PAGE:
A dose of patent power

In this GATT era, Indian drugs and pharmaceutical scientists have belatedly begun to focus on drug, rather than on process, development

 
By Rimjhim Jain
Last Updated: Saturday 04 July 2015

-- IN A significant shift in research emphasis, Indian scientists in the drugs and pharmaceuticals sector are focusing on product development rather than the usual process development. The government has launched a "Drug Mission" designed to involve industry in drug development from the very beginning.

"We are equipping ourselves for the age of GATT in which only the product patent holder will profit," says an official in the department of science and technology (DST), the agency coordinating the Mission. The Mission will be used to create state-of-art technologies for aspects such as drug screening and artificial simulation of disease conditions.

New drugs specific to Indian therapeutic uses will be developed by collaborations between the pharmaceutical industry, universities and government scientific research institutions, say scientists in the technology utilisation division of the Council of Scientific and Industrial Research (CSIR), a nodal agency in the Drug Mission.

While the government has invested seed money of Rs 10 crore for 1994-95, industry and financial institutions are expected to make their own additions the Mission's funds.

At its first meeting held on August 1, in which representatives from 22 leading drug manufacturers participated, the Mission set up a national expert committee chaired by M M Sharma, leading chemical researcher in the University Department of Chemical Engineering, University of Bombay. The committee is to examine the industry's proposals for collaborative R&D and monitor the Mission's progress.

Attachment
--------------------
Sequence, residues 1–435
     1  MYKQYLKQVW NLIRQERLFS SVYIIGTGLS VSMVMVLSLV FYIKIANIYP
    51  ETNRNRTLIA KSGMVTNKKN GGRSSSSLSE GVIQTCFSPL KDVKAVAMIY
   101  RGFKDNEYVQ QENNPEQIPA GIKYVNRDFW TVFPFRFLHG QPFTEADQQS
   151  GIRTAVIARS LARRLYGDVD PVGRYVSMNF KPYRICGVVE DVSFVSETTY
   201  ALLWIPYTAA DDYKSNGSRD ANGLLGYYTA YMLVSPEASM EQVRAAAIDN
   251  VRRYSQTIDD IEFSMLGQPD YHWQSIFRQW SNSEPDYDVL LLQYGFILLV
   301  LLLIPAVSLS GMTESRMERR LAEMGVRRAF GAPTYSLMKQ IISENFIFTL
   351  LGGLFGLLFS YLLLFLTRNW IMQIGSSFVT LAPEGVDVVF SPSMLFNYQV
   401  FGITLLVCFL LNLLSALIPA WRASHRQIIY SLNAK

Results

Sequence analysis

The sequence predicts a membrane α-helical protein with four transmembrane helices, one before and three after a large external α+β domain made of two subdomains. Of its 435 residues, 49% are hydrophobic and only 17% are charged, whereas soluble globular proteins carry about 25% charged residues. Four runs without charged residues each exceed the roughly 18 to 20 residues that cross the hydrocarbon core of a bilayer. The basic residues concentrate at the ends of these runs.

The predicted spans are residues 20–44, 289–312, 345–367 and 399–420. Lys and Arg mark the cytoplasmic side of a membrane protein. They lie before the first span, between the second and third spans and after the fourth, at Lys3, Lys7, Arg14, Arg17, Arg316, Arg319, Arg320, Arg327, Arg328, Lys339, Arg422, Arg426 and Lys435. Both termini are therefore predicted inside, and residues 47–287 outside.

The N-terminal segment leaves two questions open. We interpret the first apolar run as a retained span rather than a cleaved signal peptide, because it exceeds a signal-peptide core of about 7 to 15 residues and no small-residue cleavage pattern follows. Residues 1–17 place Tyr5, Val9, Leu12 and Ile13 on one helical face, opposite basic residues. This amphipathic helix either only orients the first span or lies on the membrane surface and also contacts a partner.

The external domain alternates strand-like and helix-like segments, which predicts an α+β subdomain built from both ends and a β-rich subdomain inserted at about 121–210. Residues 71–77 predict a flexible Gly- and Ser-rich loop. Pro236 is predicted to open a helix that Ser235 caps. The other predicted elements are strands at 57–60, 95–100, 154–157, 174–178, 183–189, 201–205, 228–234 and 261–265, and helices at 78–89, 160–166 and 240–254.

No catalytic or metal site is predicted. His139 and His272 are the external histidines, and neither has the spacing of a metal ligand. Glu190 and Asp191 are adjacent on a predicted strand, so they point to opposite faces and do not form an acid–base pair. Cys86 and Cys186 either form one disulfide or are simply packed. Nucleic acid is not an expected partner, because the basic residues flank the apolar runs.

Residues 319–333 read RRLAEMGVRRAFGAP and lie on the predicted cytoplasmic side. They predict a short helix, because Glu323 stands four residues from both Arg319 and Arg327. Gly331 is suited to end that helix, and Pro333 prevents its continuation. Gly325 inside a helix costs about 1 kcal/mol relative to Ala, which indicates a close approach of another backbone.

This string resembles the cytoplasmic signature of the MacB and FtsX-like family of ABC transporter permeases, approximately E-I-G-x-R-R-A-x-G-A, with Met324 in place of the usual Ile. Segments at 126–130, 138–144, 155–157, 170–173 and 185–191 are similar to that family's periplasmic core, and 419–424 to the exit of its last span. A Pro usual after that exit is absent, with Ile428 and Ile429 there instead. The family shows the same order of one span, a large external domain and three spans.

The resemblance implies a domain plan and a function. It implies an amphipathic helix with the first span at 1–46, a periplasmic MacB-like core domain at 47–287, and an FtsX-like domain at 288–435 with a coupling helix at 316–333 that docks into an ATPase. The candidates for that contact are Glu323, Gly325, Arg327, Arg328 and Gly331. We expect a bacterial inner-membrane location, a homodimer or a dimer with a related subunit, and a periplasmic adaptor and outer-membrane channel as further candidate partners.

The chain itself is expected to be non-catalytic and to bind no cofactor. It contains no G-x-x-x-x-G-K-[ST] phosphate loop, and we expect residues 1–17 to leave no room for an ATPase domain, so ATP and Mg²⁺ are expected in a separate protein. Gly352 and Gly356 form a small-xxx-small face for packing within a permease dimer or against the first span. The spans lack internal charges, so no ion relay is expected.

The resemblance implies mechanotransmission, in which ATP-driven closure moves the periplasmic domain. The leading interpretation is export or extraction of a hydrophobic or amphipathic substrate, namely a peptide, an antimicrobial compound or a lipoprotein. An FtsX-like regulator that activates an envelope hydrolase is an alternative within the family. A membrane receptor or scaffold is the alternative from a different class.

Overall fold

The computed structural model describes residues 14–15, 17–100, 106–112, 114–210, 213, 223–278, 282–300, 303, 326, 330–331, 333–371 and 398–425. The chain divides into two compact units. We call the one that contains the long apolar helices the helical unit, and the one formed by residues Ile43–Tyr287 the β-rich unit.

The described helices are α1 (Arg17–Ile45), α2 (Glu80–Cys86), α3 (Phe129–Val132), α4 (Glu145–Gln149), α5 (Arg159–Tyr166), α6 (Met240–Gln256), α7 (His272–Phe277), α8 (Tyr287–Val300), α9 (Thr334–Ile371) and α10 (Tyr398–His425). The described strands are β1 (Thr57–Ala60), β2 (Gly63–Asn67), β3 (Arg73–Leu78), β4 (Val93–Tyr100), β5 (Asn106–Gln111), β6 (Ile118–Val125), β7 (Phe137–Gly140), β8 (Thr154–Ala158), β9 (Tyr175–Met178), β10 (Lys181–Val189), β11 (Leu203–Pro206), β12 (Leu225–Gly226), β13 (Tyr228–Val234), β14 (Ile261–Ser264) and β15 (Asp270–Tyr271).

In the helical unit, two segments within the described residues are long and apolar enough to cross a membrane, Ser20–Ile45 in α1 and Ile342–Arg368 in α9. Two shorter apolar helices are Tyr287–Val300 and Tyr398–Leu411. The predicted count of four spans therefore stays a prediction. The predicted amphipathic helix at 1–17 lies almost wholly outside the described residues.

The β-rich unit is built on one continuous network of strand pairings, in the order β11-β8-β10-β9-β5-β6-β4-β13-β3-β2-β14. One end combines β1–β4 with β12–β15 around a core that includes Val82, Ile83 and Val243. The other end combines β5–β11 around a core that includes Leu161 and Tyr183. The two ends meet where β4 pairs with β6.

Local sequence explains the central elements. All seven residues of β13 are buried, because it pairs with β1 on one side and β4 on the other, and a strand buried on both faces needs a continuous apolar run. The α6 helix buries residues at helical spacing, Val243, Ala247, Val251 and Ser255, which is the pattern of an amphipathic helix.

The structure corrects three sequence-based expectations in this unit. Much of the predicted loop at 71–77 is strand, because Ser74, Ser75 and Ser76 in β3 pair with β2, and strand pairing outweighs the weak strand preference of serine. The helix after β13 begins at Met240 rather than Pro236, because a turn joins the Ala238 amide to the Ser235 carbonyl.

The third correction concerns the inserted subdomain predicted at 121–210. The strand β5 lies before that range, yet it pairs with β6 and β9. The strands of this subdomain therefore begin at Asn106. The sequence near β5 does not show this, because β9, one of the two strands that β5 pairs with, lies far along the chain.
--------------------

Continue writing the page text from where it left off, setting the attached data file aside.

Participating companies and institutes have been asked to prioritise their R&D support to various drug categories of disease or therapeutic activity, such as antibiotics, cardiovascular and antiviral drugs, diagnostics and oral contraceptives.

"Based on the response, an 'attractiveness versus feasibility' chart will be plotted, which will help to determine our priority area of support in the programme for drug development in various disease groups," says a CSIR scientist.

Although government officials are optimistic that the newly launched Drug Mission will help to speed up the process of drug development, which at present takes 13-15 years and about Rs 1,500 crores per drug, a Torrent Pharmaceuticals representative says cautiously, "It is yet to be seen how committed the government is."

J M Khanna, executive vice-president of Ranbaxy, which spends 5 per cent of its sales turnover mainly on applied research R&D, says, "We could work in partnership with the government for product development. However, the industry must have management control." Ranbaxy has submitted a proposal to the Drug Mission for a project for new drug discoveries in the field of antibiotics, with an initial investment of Rs 50 crores and recurring investment of Rs 10-15 crores, to be shared equitably with the government.

But, says Khanna, "The new drug policy gives us no incentives for research", pointing out that the pharmaceutical industry has been asking for exemption from heavy customs duties on chemicals, raw materials and instruments, and for tax benefits on R&D. The new drug policy states that at least 1 per cent of the drug industry's annual turnover of Rs 6,000-7,000 crores should be used for R&D. But, Khanna counters, "An investment of Rs 60-70 crores is too little."

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